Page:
I was genuinely happy when the St. Louis Blues won the Stanley Cup last week. The franchise joined the NHL at the start of the 1967-68 season, and despite making the playoffs 42 times since, had never won a championship. This year, they made a lot of people very happy. Including me, a fan of the Montreal Canadiens.
A large part of the reason I’m so happy about St. Louis winning is because they defeated the (hated, despicable, grotesque) Boston Bruins in the final. I’m not a petty man, but as the last seconds of Game 7 ticked down with St. Louis up three goals, I felt a glow as the game broadcast showed a series of mourning and weeping Bruins faces.
Malicious joy in another’s misfortune can keep you watching a sports tournament when the team you really want to win isn’t involved. Once my Canadiens narrowly missed the playoffs (tying a record for most points by a non-playoff team), I thought I wouldn’t be too interested in what happened next. I couldn’t feel too bitter about it one way or another; the team’s still in a rebuild, I thought, and it’s better for the draft position to miss the playoffs rather than go a round or two and get knocked out without a championship. The important thing, I concluded, was that Boston not win.
The problem was Boston had some good players. I thought they wouldn’t make it past Tampa Bay, the runaway league leader in the regular season; but then Tampa got swept by Columbus in the first round. The NHL playoffs are both a marathon and a gamble, where injuries test every team’s depth, but I didn’t see any team in the East who looked clearly superior to the Bruins. And, sure enough, they beat Columbus and then Carolina to get to the Cup final.
All along, as I do every year once the Canadiens are eliminated, I was cheering for not-the-Bruins. Usually that’s a lock. This year, I got tenser as the playoffs went on. It was the inverse of the way you usually hope playoffs go: instead of getting more nervous as your team wins more and gets closer to a championship, I got nervous because another team wasn’t losing enough. Every game the Blues won in the final cheered me up. After every game they lost I tried to convince myself hockey wasn’t really that important and didn’t matter in the long run. Life, one way or another, would go on, whatever happened.
But sports aren’t about rationality. Watch a hockey game and you’re watching an event you can’t affect one way or the other, an event in which chance has a large role (in the NHL, probably more than skill). And yet it fascinates, not just from the exhibition of athletic talent, and not just from the feeling of watching something happening in the moment. You identify with the team you choose to call the heroes. Or, identify with the teams opposing the villains.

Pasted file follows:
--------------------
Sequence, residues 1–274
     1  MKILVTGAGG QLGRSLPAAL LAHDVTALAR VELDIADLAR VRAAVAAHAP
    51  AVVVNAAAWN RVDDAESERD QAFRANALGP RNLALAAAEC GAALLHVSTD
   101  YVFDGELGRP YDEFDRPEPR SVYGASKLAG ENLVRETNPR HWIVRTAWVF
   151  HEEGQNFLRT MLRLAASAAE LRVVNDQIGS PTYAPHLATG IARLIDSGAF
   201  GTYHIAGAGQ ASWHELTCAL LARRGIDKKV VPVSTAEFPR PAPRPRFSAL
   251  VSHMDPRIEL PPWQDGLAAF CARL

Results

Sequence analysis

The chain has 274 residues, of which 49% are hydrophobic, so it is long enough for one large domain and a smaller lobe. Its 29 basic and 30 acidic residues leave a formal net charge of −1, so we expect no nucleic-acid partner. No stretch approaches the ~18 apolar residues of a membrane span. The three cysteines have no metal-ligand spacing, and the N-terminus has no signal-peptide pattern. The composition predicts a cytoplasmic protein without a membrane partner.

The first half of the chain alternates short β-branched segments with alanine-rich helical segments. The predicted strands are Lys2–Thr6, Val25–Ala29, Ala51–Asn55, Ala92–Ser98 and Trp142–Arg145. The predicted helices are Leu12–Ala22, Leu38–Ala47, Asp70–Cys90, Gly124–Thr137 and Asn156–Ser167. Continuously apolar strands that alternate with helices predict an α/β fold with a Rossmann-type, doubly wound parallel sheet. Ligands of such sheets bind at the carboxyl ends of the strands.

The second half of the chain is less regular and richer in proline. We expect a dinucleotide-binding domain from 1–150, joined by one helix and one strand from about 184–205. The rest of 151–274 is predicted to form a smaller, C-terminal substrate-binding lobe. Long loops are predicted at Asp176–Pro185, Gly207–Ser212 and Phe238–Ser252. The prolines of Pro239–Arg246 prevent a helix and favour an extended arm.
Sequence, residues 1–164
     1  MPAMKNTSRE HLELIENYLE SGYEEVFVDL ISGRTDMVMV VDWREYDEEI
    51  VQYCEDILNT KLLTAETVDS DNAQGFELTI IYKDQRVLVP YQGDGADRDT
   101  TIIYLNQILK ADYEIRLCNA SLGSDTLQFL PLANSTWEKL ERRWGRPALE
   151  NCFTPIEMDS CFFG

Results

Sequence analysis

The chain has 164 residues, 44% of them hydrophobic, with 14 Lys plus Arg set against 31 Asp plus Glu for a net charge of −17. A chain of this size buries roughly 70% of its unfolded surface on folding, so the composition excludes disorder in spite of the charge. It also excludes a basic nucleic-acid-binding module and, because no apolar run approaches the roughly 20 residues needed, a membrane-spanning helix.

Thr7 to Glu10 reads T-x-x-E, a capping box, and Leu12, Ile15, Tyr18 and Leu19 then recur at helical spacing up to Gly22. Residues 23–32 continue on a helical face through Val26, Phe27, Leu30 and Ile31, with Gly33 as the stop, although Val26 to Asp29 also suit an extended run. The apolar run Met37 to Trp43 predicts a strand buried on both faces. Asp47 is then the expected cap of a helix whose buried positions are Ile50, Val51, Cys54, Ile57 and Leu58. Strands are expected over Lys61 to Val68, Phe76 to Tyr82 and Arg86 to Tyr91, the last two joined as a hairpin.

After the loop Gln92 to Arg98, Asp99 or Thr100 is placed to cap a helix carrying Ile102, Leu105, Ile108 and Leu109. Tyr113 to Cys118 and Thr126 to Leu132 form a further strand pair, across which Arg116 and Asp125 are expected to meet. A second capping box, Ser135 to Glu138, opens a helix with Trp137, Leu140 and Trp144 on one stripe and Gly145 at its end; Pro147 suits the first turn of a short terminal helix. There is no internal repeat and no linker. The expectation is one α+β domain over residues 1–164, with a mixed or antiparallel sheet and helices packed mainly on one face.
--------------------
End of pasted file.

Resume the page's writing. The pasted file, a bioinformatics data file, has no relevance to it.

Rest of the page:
Any serious hockey fan knows that the Canadiens and Bruins have a long rivalry going back long before the Blues and other expansion teams entered the NHL. I wouldn’t give the Bruins the satisfaction of declaring them the Canadiens’ top rival—that position belongs, to me, to the late unlamented Quebec Nordiques—but there are decades of games and battles and injustices between the teams. Overtime defeats. Controversial penalties. An NHL official with a son on the 2011 Bruins, whose greasy thumb on the scale gave the Bruins a wholly undeserved and asterisk-worthy “Cup win.”
Hating the Bruins is second nature. Is emotionally healthy? Is hate really ever justified? Try as I might I can’t help but conclude: when it comes to the Bruins, yes. It’s a positive pleasure to see someone, or a team of someones, suffer when you think they have profited unjustly in the past. It gives the illusion of a fair or just universe. Perhaps the pleasure isn’t simply in seeing the doers of wrong fail, but in finding a data point that supports an instinctive but false sense of the world. Consciously, I know that there’s nothing necessarily fair or moral in the world as it is, much as many people try to make it so. Unconsciously, it’s difficult not to see the hand of God in the misery of sinners.
Thus my joy in Game 7, seeing the Bruins broken, lost, faltering at the final hurdle, facing a short summer filled with aches and pains and a low draft position. There’s a line Genghis Khan supposedly had to the effect that “To crush your enemies, to see them fall at your feet—to take their horses and goods and hear the lamentation of their women. That is best.” (A version of this was later given to a more barbaric fictional character; this version comes from Harold Lamb’s book Genghis Khan.) The great Khan may go a little bit too far for me. But I felt a little bit of the sweetness he described when I saw the loss sink in on the Bruins.
This may be because I am a flawed and corrupt person. If so my only excuse is that the Bruins will bring it out in you. Sports are supposed to be good for one’s character; in this, as in so many other ways, I doubt it.